Boxing An Object

There will be times when you are navigating when you'll come to an obstacle that you either don't want to proceed through, such as a swamp or pond, or a physical feature you want to go around, such as a cliff. But if you just walk around it, how do you stay on your designated course?

Sometimes you will come to an obstacle that you just have to go around.

It is called Boxing An Object, and this is how it works. When you come to the obstacle, stop and try to determine if it is best to go around to the left or right. You may have to mark the position you stopped, and explore a little in each direction (not too far, you don't want to be unable to find your way back to your marked position).

Once you determine the direction you want to go, in the case of diagram below, you were heading at a bearing of 150 degrees, and you decide to go right passed the obstacle. Add 90 degrees to your original bearing, and you should now be facing 90 Degrees to the right. You will then follow that bearing, counting paces until you have passed the obstacle. 

Once you have passed the obstacle, stop and record the amount of paces you took. Then subtract 90 degrees from your bearing so that you are now back at your original direction of travel, 150 degrees. You will now be facing your original direction of travel, 150 degrees, and can now follow that bearing, WITHOUT counting your paces, until you have again passed the obstacle.

Once you have passed the obstacle, stop and subtract 90 degrees from your bearing, being 60 degrees, turning left this time. Now follow that bearing, counting the same amount of paces that you counted out the first time. When you reach the same amount of paces, stop. 

You will now add 90 degrees to your last bearing, and you should be back at your original bearing of 150 degrees. If you performed these calculations carefully, and were careful with your pacing, you will also be back on your original direction of travel, heading towards your destination.

This diagram shows the boxing procedure as explained above.

Keep in mind that you might not always have to box an object. If you can clearly see the other side of the obstacle, you may be able to continue on you bearing without boxing the object. I recall during a navigation class we were teaching, we purposefully had a bearing the students were following end up at the center of a small pond. We didn't say anything at first. The students talked for a few minutes and started to box the small pond, in order to continue on their prescribed direction of travel.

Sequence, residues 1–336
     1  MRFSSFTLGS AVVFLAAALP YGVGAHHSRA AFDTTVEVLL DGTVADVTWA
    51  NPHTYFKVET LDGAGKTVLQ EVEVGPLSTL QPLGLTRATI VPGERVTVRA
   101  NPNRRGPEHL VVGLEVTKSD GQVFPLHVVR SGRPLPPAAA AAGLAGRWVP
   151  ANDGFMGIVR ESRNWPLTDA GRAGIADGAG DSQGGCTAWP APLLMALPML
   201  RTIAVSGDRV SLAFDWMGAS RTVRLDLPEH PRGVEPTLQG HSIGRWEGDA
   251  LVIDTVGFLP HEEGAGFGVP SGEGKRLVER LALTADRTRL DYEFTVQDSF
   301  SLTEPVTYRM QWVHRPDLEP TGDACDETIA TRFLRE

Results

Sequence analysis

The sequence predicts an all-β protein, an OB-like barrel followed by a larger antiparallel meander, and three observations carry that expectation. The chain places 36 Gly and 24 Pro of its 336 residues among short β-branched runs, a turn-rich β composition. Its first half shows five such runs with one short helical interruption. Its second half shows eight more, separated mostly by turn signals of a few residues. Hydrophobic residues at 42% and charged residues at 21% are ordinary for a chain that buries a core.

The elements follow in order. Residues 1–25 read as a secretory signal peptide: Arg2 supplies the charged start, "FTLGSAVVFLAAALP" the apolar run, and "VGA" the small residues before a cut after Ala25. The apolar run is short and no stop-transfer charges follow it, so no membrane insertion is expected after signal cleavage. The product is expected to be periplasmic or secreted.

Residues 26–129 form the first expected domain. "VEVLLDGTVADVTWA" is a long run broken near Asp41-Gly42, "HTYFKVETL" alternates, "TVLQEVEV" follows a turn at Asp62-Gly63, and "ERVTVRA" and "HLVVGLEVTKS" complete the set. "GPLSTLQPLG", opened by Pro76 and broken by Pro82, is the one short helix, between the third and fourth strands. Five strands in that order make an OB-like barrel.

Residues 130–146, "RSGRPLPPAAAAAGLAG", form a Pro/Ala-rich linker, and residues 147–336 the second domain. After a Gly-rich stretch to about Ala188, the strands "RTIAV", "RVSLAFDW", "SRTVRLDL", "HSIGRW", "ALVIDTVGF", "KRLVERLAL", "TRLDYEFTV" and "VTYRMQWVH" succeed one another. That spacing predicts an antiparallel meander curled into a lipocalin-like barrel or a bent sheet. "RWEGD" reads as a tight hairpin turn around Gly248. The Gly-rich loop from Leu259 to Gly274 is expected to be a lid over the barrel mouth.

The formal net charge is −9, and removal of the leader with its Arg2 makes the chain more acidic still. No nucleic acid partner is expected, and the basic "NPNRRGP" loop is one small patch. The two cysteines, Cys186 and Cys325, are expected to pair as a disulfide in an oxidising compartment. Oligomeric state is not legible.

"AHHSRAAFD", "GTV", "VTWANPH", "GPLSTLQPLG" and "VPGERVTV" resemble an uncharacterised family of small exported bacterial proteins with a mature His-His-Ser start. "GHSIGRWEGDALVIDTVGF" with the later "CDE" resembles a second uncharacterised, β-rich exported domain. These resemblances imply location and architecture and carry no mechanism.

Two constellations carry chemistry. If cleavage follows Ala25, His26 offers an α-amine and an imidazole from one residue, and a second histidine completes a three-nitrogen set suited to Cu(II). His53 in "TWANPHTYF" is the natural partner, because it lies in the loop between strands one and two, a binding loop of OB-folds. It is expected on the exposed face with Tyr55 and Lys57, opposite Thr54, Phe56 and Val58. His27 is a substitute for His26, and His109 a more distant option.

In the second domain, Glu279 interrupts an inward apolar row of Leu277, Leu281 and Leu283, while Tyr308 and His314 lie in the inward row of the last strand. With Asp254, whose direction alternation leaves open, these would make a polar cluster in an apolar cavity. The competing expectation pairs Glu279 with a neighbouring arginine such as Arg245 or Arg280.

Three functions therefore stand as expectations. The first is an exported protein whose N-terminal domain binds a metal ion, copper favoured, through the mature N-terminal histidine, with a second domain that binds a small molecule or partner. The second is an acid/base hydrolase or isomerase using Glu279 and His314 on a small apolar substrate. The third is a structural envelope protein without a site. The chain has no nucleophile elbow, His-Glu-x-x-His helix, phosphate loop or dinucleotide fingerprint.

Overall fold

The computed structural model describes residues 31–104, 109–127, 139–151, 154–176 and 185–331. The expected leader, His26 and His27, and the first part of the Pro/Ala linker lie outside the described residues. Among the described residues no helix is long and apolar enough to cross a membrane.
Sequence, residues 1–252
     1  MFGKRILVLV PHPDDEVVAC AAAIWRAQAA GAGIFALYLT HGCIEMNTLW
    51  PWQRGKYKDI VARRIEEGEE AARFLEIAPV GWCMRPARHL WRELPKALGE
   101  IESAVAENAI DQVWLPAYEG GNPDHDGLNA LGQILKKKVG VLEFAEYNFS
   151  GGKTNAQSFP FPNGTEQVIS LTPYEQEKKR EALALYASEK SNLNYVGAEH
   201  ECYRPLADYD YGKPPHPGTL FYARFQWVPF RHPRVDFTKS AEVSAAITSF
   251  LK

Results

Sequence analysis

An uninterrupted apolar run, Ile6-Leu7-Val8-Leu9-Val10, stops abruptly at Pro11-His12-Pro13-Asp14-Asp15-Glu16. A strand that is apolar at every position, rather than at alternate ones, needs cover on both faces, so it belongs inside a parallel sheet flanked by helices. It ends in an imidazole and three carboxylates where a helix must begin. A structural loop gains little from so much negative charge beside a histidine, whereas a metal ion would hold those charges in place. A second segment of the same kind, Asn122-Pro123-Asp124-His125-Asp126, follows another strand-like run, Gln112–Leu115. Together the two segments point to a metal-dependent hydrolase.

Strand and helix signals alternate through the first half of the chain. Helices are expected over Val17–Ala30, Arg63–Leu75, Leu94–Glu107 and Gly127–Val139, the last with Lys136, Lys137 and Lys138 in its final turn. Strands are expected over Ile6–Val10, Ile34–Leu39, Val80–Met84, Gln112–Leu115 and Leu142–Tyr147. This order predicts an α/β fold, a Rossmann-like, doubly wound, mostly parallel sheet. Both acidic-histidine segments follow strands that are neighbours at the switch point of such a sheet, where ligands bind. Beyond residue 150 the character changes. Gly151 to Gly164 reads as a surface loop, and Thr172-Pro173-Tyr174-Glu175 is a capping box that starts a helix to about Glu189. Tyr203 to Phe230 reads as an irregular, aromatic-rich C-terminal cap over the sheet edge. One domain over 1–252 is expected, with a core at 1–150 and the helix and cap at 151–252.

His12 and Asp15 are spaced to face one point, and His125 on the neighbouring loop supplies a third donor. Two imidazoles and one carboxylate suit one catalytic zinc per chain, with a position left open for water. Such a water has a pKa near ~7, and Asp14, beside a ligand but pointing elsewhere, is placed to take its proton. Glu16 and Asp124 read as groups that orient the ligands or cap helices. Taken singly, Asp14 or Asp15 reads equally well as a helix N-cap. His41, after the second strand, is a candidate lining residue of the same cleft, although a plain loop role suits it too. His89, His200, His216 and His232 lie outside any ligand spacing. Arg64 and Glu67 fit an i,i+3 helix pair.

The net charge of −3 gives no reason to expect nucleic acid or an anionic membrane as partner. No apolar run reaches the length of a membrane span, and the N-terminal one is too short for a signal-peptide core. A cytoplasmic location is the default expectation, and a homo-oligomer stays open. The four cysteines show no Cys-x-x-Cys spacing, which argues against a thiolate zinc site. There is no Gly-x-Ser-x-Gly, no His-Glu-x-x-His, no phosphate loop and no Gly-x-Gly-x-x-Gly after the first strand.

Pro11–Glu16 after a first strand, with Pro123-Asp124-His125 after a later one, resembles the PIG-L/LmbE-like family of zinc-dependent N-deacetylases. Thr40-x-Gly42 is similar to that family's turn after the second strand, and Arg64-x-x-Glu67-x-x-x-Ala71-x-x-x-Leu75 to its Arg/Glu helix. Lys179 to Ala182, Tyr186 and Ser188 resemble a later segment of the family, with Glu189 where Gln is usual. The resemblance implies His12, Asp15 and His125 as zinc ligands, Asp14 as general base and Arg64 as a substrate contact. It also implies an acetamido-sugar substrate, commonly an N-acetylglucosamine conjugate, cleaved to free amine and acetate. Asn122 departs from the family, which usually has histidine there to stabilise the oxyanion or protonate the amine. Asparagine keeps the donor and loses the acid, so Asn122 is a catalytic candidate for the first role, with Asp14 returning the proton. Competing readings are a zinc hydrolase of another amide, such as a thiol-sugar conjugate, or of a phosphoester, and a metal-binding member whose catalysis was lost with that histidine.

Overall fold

I came up and asked what the students were doing? They indicated they couldn't continue straight, so as they were taught, they were boxing the object so they could continue. I asked if they could easily see the the other side of the pond? They indicated that they could. I asked why they didn't have another student go around to the other side of the pond and aim on them? Have that student  move left or right, using hand signals, until they were on the prescribed bearing. Have them stand in place and have all the other students just walk around the pond to that position. If they wanted to be real safe, have one student stay at the original spot, and when they got around the pond to the student marking the bearing spot, turn around and check if they were on course using a back bearing to the original spot they stopped.

This shows shooting across a small pond using another person so it does not have to be boxed.

As you can see, if you have another person with you, and you can see the other side of an obstacle, you can send that person to the other side of the obstacle and you can use them to aim on. If you don't have another person, you could mark your position with something you can see from the other side, maybe a makeshift tripod, etc. Then go to the other side of the obstacle and shoot a back bearing to that marker you left. Move left and right until the red end of the magnetic needle is boxed in the red end of the orienting needle. You are now on line with your original bearing. Turn around and continue on your original bearing.

Of course, as I explained in my article "Staying Straight - Avoiding Lateral Drift" you don't have to actually move the dial on your compass to shoot a back bearing. If you are using a base-plate compass, there is an easier way. I have always believed that the more often you turn the rotating housing with dial, the greater chance you have of setting an inaccurate bearing. Therefore, with a base-plate compass, why calculate at all.  Let's say that you are traveling at a main bearing of 280 degrees. Therefore the red end of the magnetic needle is boxed in the red end of the orienting needle. When you need to check your back bearing, simply turn around, remaining on your direct line of travel, and place the red end of the magnetic needle in the black end of the orienting arrow. The black end of the orienting needle is exactly 180 degrees from the red end. This prevents your having to turn the rotating housing from your main bearing, every time you want to check your back bearing while on the move.

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Copyright © 2016 by John D. McCann

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